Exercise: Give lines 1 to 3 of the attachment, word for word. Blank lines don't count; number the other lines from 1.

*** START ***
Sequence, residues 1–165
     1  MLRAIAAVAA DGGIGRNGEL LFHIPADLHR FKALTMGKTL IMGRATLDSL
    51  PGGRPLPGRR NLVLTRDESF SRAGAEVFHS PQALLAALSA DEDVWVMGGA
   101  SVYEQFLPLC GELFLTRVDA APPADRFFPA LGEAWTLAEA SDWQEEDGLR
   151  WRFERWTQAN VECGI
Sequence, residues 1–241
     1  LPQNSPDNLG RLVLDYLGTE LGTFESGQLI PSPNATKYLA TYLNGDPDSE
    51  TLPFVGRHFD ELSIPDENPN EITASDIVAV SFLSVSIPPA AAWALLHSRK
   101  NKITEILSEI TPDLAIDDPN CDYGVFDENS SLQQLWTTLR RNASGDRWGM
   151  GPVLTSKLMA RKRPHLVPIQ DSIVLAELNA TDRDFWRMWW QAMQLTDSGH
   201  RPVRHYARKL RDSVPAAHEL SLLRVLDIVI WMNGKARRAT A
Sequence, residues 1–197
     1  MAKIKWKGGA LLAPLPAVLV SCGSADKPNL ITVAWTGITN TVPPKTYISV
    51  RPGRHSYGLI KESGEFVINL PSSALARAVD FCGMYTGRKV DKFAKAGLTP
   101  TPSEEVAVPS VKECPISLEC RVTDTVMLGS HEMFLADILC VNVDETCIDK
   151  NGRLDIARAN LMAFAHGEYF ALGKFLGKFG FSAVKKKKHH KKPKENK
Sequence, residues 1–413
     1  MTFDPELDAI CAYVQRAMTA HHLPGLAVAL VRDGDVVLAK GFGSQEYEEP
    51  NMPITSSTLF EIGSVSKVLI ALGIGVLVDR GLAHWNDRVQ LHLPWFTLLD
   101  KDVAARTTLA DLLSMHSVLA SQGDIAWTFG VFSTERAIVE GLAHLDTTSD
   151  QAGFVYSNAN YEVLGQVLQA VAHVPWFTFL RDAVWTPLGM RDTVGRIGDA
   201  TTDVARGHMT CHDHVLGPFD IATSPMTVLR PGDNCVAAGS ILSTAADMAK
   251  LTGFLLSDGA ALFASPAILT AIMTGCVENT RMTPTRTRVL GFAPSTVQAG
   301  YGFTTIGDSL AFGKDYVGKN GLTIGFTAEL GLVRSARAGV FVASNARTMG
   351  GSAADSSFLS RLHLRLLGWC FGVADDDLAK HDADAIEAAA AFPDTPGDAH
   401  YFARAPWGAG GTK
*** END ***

Sequence, residues 1–165
     1  MLRAIAAVAA DGGIGRNGEL LFHIPADLHR FKALTMGKTL IMGRATLDSL
    51  PGGRPLPGRR NLVLTRDESF SRAGAEVFHS PQALLAALSA DEDVWVMGGA